Where can I get buffers for calibration? I've received an electronic pH tester, but it didn't come with calibration buffer... I need a buffer with pH or 7.01 and then either 4.01 or 10.01 to calibrate it. Where can I buy this (or what can I use?) thank you, Luke <Mmm, I would buy such "standards"... either from/through the industry (try Marine Depot or Custom Aquatic... links on WWM, or through a chemical supply biz on-line. Use your search engine and the term "pH standard solutions". Bob Fenner>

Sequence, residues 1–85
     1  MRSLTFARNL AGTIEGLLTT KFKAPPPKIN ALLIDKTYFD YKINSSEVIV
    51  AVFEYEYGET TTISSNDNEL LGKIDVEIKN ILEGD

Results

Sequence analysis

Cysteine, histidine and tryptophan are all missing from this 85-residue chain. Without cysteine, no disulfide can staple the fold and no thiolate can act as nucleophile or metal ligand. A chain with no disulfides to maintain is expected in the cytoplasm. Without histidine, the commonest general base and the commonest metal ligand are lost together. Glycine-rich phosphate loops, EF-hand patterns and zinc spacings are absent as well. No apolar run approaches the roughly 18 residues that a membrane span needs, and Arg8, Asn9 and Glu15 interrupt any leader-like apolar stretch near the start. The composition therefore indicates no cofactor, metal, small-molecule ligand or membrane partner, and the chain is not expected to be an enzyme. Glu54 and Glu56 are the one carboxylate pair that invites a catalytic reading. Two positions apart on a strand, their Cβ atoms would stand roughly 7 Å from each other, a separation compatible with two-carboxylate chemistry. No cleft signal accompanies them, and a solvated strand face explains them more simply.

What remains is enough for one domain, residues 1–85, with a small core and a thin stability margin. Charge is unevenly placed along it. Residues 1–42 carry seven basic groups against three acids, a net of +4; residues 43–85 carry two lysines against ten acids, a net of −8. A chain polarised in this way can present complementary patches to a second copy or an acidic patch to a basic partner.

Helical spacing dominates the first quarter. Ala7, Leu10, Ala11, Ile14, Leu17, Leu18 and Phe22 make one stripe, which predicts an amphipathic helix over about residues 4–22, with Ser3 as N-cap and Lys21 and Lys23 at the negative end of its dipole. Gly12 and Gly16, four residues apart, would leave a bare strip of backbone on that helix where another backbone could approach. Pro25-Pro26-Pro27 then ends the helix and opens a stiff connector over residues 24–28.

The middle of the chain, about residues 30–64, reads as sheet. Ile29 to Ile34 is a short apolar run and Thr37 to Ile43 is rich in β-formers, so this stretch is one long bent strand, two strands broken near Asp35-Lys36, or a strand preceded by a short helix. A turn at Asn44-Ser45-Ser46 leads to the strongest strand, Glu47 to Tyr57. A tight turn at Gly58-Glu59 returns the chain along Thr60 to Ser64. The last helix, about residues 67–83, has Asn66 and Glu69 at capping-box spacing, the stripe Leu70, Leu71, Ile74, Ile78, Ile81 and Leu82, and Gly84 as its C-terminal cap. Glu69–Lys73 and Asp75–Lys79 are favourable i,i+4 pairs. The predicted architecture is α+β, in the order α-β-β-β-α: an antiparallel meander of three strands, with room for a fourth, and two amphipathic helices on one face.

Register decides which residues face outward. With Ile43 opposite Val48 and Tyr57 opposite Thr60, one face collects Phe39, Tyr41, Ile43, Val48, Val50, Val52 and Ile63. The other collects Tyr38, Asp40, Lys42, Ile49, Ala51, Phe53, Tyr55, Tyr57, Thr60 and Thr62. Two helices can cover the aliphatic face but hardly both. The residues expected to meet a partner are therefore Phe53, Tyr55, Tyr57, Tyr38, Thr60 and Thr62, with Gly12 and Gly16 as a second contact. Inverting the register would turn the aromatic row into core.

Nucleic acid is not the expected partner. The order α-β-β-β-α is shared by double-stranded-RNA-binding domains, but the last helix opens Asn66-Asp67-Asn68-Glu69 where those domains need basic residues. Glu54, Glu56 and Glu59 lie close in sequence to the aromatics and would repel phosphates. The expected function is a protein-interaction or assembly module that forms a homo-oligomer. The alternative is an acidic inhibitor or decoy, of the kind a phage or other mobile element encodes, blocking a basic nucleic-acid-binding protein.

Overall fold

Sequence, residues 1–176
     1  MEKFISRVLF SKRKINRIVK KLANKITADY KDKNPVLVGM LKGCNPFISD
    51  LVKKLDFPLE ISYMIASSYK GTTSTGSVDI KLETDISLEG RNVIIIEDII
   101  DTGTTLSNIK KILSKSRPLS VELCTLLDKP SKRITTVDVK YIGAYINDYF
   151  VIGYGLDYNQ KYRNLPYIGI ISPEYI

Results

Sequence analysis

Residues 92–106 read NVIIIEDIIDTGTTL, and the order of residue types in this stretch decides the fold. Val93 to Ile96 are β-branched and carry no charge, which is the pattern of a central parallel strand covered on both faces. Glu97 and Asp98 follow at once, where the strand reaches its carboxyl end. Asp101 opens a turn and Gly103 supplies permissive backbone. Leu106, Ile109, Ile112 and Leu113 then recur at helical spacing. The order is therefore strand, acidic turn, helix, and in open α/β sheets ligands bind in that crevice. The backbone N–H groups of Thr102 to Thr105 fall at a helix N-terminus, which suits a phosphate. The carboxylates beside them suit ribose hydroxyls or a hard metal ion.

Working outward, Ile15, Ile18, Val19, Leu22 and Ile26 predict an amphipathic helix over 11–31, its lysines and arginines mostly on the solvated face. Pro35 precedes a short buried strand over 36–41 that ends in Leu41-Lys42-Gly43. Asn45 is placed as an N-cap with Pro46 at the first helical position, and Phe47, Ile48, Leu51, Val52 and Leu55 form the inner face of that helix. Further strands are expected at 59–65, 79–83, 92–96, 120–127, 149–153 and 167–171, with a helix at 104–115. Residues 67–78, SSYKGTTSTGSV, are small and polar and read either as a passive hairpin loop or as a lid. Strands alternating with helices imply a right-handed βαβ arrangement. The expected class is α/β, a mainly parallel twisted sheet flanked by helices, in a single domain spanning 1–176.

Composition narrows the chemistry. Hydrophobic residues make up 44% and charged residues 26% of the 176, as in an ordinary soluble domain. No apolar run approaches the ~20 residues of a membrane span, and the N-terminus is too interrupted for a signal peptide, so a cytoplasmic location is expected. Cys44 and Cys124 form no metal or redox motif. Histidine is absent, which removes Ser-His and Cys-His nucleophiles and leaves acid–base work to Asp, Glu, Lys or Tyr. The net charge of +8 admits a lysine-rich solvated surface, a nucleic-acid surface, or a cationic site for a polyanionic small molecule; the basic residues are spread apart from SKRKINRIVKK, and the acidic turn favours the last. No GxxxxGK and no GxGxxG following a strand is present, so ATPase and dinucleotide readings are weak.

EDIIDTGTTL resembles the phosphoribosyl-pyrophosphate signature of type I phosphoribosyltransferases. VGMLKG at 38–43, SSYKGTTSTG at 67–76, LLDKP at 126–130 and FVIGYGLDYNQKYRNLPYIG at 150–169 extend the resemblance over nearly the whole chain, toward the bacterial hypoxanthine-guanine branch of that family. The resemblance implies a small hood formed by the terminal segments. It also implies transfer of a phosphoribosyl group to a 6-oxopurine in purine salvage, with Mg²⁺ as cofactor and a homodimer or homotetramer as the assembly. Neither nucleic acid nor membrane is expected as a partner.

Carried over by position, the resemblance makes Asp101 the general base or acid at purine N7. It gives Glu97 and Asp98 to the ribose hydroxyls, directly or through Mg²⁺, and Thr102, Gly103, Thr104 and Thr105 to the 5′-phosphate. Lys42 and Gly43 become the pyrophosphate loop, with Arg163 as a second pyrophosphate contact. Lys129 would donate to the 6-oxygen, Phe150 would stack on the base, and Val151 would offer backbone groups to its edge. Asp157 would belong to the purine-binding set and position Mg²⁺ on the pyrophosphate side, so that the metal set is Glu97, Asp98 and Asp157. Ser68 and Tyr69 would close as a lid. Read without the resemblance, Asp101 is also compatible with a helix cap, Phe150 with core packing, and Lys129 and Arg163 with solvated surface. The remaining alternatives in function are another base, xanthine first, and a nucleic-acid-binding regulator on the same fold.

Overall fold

High Ph other general questions >Hello, >>Good morning, Kevin, Marina here. >I currently have a 50 gallon FOWLR tank that has high pH levels, 8.4-8.6 what is the best procedure for getting back down to 8.2?  Would doing a water change with fresh water fix this?   >>First things first, do you know what may be causing a wide swing?  8.4 isn't so bad, 8.6 is a bit high, but if the specimens look happy, I prefer not to play with the pH. >Also my salinity is considerably lower than usual 1.019-1.020.  I'm guilty of the lowered salinity, when I change my foam filter media I have been refilling the filter's with fresh water, would this also be the cause of the high pH? >>Only if the freshwater has such a high pH.  Otherwise, generally, no. >Last question ;) I promise, when doing water changes is it advisable to add the salt at the time of the change or would you mix it ahead of time?   >>ALWAYS premix the salt, and have it circulating *before* you make your change.  Also, I suggest testing both the water used to mix the salt for pH, and then test the water once mixed before it goes into the tank.  See what you get there.  If it's in the acceptable range (under 8.6) then I usually use water changes to get things back in order SLOWLY.  Messing about with the pH can kill VERY quickly, and if the water is very buffered, you'll have a devil of a time getting it stabilized where you want it.  Again, if everything appears alright, let it be. >I have been on a two week water change schedule and have been mixing the salt into the water and letting it sit for two weeks with a heater and an airstone, would this be proper procedure, am I doing something incorrectly? >>Two weeks is a bit long, 24hrs is acceptable, using the airstone to mix and keep aerated is great, heating is also best (we don't want temp shocks).  Best of luck!  Marina